Not having a plan with clear priorities is the main thing that kills productivity. The other is distractions. This productivity tip may be the most important for doctors, because it’s the key to getting more done in the same amount of time.

Doctors are constantly juggling responsibilities, so the idea of removing distractions may seem impossible. Nevertheless it’s important to dedicate regular, distraction-free time time when you can focus on knocking out that to-do list of administrative tasks. This is how you get things done without spending two hours at home every night finishing paperwork.

To create a distraction free zone:

  • Find a quiet place
  • Prevent interruptions by letting your staff or others know that you’re busy
  • Put your phone on airplane mode
  • Disable all app notifications
  • Log out of Facebook, Instagram, etc.
  • Make yourself comfortable: have water and snacks at hand, listen to music that helps you focus, etc.

Preparation is the key to creating distraction free zones, especially for busy physicians. It may not be feasible to create such a space while at the clinic, and it is likely impossible during short intervals between patient visits. Come in early, only book appointments until an hour before you plan to leave the office, or otherwise adjust your schedule so you can focus on necessary administrative tasks without interruption.

4. Delegate

As a physician you work with a team and it’s important to involve them in managing your growing burden of administrative work.

One way to do this would be to develop a new collaborative workflow to restructure your EHR in-basket so you don’t get behind. Dr. James Jerzak describes how his team at Bellin Health Ashwaubenon decided to categorize and delegate in-basked subfolders by message type (syptom-based calls, requests for refill, appointments, etc.). Dr. Jerzak is co-author of an AMA STEPS-forward module called EHR In-Basket Restructuring for Improved Efficiency, which explains exactly how to implement this type of team-based approach.

Another popular option is to implement a technology solution that keeps your team in sync by tracking the “who, what, and where” of patients, staff, and doctors throughout the day. There are now well-designed mobile apps that tell your entire team what tasks are pending, to whom they’re assigned, where they’re scheduled, and when they’re completed. Consider mastering delegation with an app designed specifically to help clinical teams increase productivity.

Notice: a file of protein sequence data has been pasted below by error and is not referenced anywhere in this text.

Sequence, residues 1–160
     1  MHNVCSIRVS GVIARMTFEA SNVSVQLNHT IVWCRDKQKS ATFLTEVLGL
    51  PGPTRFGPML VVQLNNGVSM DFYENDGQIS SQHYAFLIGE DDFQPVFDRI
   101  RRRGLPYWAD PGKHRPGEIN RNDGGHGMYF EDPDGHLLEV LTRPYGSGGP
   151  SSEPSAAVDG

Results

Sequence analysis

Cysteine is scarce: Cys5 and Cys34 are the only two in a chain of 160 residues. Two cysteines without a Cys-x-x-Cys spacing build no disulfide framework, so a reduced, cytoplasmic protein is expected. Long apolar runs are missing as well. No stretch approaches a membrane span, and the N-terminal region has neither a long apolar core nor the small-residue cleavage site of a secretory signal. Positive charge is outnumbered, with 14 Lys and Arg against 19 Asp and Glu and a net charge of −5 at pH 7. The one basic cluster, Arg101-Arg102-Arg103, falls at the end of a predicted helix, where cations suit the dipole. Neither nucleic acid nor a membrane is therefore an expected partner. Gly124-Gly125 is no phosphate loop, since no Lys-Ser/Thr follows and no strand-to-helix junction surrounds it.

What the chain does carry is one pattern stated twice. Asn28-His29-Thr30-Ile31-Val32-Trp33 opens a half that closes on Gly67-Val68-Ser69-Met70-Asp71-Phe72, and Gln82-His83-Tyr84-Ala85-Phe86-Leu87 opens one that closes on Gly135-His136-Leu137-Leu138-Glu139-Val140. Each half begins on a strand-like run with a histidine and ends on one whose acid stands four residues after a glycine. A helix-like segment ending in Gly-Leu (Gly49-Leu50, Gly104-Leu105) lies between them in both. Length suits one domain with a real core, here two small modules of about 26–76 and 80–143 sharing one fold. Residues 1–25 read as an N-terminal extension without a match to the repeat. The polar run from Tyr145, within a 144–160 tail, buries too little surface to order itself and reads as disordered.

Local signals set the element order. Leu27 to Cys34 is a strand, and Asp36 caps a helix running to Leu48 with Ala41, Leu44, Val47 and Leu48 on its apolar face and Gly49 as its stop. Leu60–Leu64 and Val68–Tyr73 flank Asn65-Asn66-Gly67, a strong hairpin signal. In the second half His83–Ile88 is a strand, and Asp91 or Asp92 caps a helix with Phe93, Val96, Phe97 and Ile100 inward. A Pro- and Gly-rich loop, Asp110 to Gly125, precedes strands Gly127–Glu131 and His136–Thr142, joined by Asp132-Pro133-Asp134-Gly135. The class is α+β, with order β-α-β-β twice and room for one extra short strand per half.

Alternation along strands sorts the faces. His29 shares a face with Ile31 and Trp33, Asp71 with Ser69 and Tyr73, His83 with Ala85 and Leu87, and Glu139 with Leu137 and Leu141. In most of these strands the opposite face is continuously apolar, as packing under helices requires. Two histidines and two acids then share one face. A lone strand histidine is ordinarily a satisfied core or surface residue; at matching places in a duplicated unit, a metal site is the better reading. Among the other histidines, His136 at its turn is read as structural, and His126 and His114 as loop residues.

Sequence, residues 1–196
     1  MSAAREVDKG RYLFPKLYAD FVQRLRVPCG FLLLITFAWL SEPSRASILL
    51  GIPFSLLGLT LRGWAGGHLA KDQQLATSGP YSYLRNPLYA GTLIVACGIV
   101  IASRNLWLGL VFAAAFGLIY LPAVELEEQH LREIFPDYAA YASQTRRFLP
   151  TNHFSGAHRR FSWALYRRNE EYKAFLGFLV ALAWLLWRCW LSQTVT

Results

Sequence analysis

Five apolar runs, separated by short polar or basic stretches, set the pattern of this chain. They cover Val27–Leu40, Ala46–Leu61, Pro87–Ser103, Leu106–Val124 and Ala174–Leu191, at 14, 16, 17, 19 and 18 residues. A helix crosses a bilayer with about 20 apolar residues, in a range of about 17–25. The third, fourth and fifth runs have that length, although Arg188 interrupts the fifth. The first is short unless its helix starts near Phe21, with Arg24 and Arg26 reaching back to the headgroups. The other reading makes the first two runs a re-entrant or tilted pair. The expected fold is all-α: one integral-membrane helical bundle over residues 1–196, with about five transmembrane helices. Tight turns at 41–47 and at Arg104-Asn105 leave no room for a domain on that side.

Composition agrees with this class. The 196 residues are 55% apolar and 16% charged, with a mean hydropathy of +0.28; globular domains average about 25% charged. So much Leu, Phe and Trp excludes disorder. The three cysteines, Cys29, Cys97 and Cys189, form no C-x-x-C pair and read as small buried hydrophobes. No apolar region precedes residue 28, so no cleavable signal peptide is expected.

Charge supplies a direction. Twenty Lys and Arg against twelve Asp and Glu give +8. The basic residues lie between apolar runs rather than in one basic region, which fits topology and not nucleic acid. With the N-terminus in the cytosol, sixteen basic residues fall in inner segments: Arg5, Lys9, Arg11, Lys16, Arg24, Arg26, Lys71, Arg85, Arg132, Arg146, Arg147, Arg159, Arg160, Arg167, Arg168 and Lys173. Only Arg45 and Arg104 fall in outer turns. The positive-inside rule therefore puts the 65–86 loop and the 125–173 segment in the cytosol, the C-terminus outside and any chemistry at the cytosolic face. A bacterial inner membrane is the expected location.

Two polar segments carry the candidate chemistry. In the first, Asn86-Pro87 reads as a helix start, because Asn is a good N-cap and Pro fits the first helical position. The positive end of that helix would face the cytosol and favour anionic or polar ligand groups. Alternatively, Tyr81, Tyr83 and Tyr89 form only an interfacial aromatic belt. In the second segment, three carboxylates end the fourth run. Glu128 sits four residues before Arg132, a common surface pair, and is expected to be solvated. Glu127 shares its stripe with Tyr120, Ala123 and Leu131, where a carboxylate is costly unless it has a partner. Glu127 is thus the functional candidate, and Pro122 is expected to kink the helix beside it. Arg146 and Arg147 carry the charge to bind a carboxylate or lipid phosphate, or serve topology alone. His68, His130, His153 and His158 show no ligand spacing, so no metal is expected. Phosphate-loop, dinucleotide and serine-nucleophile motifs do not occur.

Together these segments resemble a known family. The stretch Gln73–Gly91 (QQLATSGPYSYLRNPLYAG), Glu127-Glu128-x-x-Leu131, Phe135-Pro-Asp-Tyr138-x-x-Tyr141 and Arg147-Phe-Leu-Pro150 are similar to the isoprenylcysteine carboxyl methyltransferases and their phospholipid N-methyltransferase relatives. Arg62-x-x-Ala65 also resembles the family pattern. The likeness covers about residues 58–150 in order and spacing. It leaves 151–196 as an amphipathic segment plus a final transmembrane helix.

5. Review your progress

“What gets measured gets managed” –  Peter Drucker

Time is our most valuable resource. Like anything, the more we keep an eye on it, the more awareness we gain about the patterns that make us successful.

The only way to measure your progress is to track it. How many hours do you spend on paperwork and administrative tasks each week? What would it take to reduce that number?

Whether you use a simple productivity app or a daily planner, begin taking brief nots about what you’re doing and not doing now. Are you completing your daily to-do list? Do you often take charts home at night? Do you regularly finish yesterday’s charts today?

These productivity tips for doctors will take you a long way towards completing administrative work more efficiently.

Begin a daily practice of writing down your top administrative priorities and tracking whether you get them done. If you’re consistently not meeting your target, assess what could change and try out a new system. Doctors spending 10 to 20 hours a week on paperwork don’t have the time to not have a plan.